Singing in the Willan Choir also involves a lot of context. Now that we've finished our performance of Beethoven's Ode to Joy with the NWSO, we're moving on to new music. I was nervous, because the next lot of music was completely unknown to me.

At choir practice the other night, we did a read through of the music we'll be learning. To my surprise, though I didn't know the melodies, and read music poorly, I had an accurate sense, a feeling of where the music was going before it went there. Dido and Aeneas, here I come!

These two examples are probably just the tip of the iceberg.We all know so much we are not conscious of knowing.

Monday, March 23, 2015

The silvery shimmer of a spring sky

These clouds are typical of a spring day in the Lower Mainland.

Each place on earth has its own kind of light. Until I visited France, I didn't comprehend the nature of the light in French Impressionist paintings. 

The appearance of the sky hints at latitude, location and climate zone. I grew up in Northern BC, where November brought cold weather and evening skies with a unique purple colouring that expressed the season: early winter in the North, but before the first snow.

The sky tells of the approach of snow too, for those who are interested and observant enough. A good nose also helps detect the season's first snow, perceptible as a scent in the air before blankets the ground.

Sunday, March 22, 2015

Naturalized hyacinths add spring colour to berm

A walk in Bear Creek Park is an adventure of floral discovery. These naturalized hyacinths provide colour and fragrance on a berm beside a service area where soil and compost are kept near the trail, handy for garden maintenance.




Saturday, March 21, 2015

Periwinkle blue

Periwinkles provide spring colour and interest beside this granite stone. This tough ground cover does well in Lower Mainland gardens.



Friday, March 20, 2015

Cherry bloom against a spring sky

The flowering cherries on the right are in Bear Creek Park, but the cherry blossom is a Vancouver area spring classic, as is this swirly gray spring sky.

Even after the twenty-odd years we've lived happily in Surrey, it's one thing I miss about Vancouver spring. The city even holds an annual Cherry Blossom Festival.

There is something magical about the blocks upon blocks of mature cherry trees blossoming on many of Vancouver's residential streets. In our old neighbourhood, the blocks of 2nd and 3rd Avenue immediately east of Renfrew have rows of delightful old cherry trees. 

In many areas, Vancouver cherries have been planted so that as one variety finishes its bloom time, another begins.

Thursday, March 19, 2015

Wednesday, March 18, 2015

Tulips have a fascinating history

The arrival of tulips in the flower boxes on the White Rock symbolize spring.

Though we tend to associate this flower with Holland, the tulip gets its name from the Turkish word for turban, or the gauze used to fashion it.  Tulips were brought to Europe from Anatolia and Iran in the 16th century. In Turkish legend, red tulips symbolize perfect love. They are also emblematic of Turkey.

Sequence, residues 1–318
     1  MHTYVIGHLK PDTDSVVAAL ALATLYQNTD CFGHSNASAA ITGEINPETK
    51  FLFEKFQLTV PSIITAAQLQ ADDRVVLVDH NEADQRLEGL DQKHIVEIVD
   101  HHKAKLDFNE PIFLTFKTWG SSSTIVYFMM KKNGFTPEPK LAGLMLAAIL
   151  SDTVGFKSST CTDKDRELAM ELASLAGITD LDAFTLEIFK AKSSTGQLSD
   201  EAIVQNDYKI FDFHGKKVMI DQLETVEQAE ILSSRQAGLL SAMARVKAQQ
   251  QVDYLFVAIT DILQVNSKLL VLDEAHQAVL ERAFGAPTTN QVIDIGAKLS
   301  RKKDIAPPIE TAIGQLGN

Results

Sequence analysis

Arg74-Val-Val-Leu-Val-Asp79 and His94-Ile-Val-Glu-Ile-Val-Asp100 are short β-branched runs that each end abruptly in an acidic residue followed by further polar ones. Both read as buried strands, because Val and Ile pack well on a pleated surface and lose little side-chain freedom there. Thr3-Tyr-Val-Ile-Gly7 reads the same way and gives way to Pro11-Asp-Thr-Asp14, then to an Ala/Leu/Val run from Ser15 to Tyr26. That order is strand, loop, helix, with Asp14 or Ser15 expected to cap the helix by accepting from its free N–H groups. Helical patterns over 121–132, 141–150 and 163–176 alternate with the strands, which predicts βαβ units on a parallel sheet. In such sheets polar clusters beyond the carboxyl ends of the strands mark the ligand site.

Locally, tulips are the subject of a festival that will take place next month in Agassiz, a small farming community famed for tulip culture.

Tuesday, March 17, 2015

No Fond Return of Love by Barbara Pym

Cover image by amazon, from Moyer Bell 2002 edition

British novelist Barbara Pym died in 1980, but her comic spirit lives on. Indeed she is now the subject of the Barbara Pym Society, which meets annually at St. Hilda's College, Oxford. In 2002 Moyer Bell reissued this 1961 novel and some of her others.

The story centres around a woman working on the "seedier fringes of the academic world." Dulcie Mainwaring attends an editing conference to distract herself from a broken engagement.

When Aylwin Forbes, a handsome middle-aged academic, faints in the midst of his keynote address on "Some problems of editors," Dulcie stands ready to help.

Soon, she begins to fantasize about him. She also meets Viola, an editor who informs her that she happens "to know him rather well." Viola is doing an index for a book Aylwin has written on an extremely obscure poet. She informs Dulcie that he is married, but only "in a sense," revealing that Marjorie, his much younger wife, has gone home to her mother.

Aylwin Forbes is hopelessly immature. Yet although Dulcie sees his flaws, she cannot stop her sympathetic heart from warming to him. Viola, too has ideas about him. However, he makes a point of avoiding her, even when she offers to do his index for free.

Dulcie's young niece Laurel comes to stay with her aunt, and later, Viola too moves in with Dulcie. The two older ladies begin to spy on Aylwin Forbes, and eventually Dulcie finds a reason to ask him to dinner. Instead of showing appropriate interest in either of the academic women, Forbes takes a fancy to the nineteen-year-old niece. Laurel finds it amusing but ridiculous when he pursues her and eventually proposes, particularly as he is still married to Marjorie.

Much of the hilarity of this novel concerns the stultifying behavioural rules. However, Dulcie breaks some of these. When she meets Aylwin while strolling on the beach, she surprises herself by accusing him of always wanting "such unsuitable wives." Aylwin defends himself lightly, but Dulcie presses the point: it's time he made a sensible marriage. She is horrified by the thought that she might be "putting herself forward as a possible candidate," which of course she is.

Aylwin is stopped in his tracks by this sincerity, thinking that "nice Miss Mainwaring" may have "hidden depths." In fact he realizes he is "almost afraid of her."

Dulcie, on the other hand, wonders "how we could ever carry on everyday life" if people said what they really thought. She sits "humbly" in the beach shelter, unsure of "what could have made her talk to Aywin Forbes like that."

Pym spoofs the rigidity and insincerity of social intercourse in many brilliant lines. She refers to the housekeeper's "off-hand tone" as "a sure indication of umbrage having been taken." On one occasion, the sympathetic Dulcie wonders why Aylwin is "talking in this odd pseudo-Henry-Jamesian way." Is it "an affectation, the outcome of his sojourn in Italy," or does it "indicate real uncertainty of mind?"